Strangers by Anita Brookner

Anita Brookner is a novelist who tends to go over similar themes. Since Hotel du Lac won the Booker Prize in 1984, she has written often about disappointment, isolation, and solitude. Her neat stories are frequently tributes to light, colour and warmth, but the sun never seems to shine for long. Her characters rarely lack money, but they tend to have deficits in other areas.

Strangers is a quiet meditation like the others, delicately constructed around a few suffering characters. However, the dilemma in this novel is essentially one of getting old. Here the cruel process strips away dignity, illusion, and minor happinesses.

The writing is of quite a high quality, but there seems something missing. Perhaps it is the dialogue which tends towards the lifeless. The reliance on Freud is also a strange choice. His sexism in the 1930s might not have seemed so aberrant, but fortunately the world has changed since his day. A different psychology or philosophy might have allowed more comfort to seep into the story. This is an accomplished piece of work by a skilled novelist who is witty enough to leave a Jane Austen around, but it is hard to agree:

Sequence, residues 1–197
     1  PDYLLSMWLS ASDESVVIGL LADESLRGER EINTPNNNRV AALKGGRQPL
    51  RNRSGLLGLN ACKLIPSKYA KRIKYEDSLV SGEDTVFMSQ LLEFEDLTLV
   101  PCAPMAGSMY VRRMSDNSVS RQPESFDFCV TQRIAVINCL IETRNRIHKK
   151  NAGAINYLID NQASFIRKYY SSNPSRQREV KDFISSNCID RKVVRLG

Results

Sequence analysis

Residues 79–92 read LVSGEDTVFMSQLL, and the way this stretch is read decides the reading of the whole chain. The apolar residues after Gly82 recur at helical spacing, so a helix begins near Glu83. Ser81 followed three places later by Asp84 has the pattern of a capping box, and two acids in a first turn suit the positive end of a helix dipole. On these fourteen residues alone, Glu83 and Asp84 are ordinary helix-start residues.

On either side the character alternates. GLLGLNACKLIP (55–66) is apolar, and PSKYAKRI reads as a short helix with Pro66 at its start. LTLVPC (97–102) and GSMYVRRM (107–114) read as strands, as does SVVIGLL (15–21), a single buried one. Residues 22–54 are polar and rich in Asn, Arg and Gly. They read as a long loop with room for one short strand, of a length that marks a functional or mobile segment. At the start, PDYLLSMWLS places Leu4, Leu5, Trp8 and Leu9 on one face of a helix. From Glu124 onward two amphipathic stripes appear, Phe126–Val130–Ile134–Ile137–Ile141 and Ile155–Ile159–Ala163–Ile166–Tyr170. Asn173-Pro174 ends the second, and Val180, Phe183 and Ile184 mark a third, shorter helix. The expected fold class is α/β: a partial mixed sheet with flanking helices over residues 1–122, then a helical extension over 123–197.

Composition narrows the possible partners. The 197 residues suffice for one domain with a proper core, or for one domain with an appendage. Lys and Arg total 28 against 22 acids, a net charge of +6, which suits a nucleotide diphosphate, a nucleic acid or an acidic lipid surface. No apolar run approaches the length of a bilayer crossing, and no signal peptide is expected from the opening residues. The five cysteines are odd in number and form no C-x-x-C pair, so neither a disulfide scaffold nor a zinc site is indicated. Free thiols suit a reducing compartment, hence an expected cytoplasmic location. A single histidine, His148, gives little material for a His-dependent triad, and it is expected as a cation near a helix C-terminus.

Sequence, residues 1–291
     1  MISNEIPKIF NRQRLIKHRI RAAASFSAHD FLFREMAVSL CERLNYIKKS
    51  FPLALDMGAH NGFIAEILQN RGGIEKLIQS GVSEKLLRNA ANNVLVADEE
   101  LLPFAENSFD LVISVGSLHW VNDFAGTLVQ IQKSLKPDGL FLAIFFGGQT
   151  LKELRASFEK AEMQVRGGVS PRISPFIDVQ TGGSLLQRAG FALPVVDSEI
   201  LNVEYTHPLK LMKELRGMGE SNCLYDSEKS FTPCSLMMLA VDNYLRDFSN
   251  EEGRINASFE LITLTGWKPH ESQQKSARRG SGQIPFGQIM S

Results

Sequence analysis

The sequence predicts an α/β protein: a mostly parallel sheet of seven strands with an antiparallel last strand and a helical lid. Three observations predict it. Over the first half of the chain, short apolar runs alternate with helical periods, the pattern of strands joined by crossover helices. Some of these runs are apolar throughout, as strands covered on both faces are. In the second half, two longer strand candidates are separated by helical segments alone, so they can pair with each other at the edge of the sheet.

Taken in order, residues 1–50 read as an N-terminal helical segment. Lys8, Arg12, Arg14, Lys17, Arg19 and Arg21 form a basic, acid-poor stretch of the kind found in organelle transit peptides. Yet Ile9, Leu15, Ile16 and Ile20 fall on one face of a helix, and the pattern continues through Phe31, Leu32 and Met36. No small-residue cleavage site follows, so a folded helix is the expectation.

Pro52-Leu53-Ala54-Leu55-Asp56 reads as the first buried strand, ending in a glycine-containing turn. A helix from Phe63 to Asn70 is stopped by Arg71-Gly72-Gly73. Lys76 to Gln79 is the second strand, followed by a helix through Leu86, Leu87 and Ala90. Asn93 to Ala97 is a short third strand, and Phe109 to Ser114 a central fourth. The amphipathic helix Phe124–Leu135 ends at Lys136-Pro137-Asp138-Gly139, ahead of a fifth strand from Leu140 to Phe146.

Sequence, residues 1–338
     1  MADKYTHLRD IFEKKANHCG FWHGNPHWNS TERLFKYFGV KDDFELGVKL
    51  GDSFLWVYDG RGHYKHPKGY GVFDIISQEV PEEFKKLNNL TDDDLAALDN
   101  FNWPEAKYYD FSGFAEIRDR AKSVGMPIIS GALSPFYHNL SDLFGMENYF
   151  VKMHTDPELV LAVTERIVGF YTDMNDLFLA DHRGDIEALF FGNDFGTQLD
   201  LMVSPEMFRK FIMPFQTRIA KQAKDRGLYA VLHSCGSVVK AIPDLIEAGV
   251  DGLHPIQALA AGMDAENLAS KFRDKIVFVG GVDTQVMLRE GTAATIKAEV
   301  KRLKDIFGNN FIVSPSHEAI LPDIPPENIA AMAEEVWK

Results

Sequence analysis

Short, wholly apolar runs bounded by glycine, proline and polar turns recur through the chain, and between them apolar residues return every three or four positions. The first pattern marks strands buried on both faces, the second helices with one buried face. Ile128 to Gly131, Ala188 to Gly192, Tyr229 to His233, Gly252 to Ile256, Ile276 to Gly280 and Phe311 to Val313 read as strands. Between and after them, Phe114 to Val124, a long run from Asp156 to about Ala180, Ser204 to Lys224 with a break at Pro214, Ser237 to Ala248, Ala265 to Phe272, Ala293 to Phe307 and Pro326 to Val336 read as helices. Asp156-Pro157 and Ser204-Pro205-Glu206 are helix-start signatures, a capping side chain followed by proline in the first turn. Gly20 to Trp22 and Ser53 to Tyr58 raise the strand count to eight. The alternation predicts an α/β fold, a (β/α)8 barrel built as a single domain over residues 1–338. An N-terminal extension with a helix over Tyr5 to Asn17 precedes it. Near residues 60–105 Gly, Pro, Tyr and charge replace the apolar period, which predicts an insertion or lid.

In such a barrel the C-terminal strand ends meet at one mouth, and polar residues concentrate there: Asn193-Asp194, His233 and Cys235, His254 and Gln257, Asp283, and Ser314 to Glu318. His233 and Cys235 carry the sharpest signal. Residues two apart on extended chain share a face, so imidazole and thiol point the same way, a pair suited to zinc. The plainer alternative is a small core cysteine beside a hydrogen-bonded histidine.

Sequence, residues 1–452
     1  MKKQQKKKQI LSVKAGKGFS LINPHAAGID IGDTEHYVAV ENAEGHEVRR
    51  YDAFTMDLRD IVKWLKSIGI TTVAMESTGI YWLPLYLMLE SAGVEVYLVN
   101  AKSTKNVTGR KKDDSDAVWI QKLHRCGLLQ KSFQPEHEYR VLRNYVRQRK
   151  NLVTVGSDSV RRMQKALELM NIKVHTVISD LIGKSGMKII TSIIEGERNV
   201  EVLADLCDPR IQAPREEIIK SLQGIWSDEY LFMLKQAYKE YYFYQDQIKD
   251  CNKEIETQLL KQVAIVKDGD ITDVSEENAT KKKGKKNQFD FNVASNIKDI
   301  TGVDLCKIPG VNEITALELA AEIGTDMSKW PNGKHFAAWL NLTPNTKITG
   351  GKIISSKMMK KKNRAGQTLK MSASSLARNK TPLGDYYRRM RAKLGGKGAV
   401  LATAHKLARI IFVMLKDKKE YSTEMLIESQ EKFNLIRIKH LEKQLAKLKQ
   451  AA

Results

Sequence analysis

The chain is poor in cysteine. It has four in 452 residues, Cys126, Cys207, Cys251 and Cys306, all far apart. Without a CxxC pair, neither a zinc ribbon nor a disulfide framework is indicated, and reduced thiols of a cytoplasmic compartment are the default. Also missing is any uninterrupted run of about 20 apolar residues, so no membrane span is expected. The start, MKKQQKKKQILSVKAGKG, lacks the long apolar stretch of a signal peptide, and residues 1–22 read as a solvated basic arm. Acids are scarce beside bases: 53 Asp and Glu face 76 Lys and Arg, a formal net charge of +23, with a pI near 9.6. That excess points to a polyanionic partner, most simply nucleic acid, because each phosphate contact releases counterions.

“But Fate is rarely kind, and nature never.”

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